I remember first seeing cartoons and marveling at what I saw. I knew how to draw but I didn’t know how to make my drawings come alive. I was naturally drawn to animation and probably had the most fun doing little flip books in the corners of my school textbooks. I set a goal to one day be an animator.
What I know now, but didn’t know then, is that animation is easy enough on flip books, or even in my high school puppet animation, but to get good enough to be a professional animator was above my skill set for how undisciplined I was with drawing. You see, I’ve always drawn because I enjoyed it. I didn’t do it because I was good at it, though I got better simply because I drew so much. But merely loving to draw isn’t enough to become a great animator, you have to be psycho about it.
So while I made it to professional animation status for animated television and for video games, I couldn’t cut it for feature animation. I don’t know for certain I couldn’t do it, I just tried once at a feature submission and quickly gave up. I was far more turned on to story-telling, and I mean telling the whole story, not just animating a few scenes of a movie.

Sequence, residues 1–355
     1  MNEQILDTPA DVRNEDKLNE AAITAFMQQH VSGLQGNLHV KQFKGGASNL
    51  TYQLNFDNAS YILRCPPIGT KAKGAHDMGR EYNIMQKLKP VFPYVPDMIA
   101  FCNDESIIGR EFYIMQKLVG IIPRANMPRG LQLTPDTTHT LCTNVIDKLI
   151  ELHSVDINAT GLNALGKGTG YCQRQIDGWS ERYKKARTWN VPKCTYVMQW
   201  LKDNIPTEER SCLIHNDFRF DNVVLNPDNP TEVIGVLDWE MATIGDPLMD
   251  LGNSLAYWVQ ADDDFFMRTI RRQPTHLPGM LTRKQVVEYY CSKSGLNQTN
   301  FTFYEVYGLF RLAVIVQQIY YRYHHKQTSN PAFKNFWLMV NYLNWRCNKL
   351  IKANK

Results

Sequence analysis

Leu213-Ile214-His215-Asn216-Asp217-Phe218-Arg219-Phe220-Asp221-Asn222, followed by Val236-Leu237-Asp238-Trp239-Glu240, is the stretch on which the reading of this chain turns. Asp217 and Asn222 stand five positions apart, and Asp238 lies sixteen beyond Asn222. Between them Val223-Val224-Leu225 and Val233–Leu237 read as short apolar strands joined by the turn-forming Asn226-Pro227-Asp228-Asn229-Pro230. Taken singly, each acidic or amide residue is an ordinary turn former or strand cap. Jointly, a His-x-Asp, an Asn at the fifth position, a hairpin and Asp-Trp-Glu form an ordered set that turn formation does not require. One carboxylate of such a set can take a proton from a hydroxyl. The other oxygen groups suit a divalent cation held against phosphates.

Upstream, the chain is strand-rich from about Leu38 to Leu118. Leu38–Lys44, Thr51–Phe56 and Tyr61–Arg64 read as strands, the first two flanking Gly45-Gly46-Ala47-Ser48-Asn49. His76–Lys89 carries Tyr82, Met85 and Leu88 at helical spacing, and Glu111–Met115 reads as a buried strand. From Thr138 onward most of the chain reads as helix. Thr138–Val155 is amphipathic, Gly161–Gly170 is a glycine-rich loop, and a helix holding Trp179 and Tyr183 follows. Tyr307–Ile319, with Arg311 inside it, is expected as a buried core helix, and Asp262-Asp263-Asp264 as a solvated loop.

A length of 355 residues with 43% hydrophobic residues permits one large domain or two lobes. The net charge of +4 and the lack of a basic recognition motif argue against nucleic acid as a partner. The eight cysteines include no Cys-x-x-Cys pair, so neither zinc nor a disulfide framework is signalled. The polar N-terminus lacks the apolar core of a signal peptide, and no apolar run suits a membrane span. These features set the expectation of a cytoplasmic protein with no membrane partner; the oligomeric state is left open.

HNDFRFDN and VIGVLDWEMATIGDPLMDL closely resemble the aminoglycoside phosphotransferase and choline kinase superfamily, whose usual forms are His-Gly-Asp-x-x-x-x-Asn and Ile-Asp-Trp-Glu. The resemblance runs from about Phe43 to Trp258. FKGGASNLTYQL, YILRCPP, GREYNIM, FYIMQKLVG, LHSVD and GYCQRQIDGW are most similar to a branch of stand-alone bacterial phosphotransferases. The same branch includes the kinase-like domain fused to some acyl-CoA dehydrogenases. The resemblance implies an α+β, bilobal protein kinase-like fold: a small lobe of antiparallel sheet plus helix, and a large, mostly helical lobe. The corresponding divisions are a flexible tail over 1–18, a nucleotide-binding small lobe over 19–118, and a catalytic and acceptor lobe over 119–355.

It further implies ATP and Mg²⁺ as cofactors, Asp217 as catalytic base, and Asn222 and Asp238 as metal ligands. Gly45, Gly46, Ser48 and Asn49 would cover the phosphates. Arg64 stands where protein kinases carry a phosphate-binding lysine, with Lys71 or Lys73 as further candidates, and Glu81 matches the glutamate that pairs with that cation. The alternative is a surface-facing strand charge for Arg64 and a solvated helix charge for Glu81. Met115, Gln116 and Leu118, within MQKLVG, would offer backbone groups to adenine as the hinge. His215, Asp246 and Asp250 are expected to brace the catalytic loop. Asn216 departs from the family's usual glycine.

Over the years, I’ve told hundreds of stories, some as director, some as storyboard artist, even some as a video game developer. Here’s a list of some of my work that made it to IMDB, though this is not a complete list of my 25 years of work:
One thing I’ve learned is that my career has ups and downs, and battle-worn creators learn to get a thick skin when the money truck doesn’t back up every day to your house. My art is a commitment, and where my career has failed me every so often, my love for art and story-telling has not.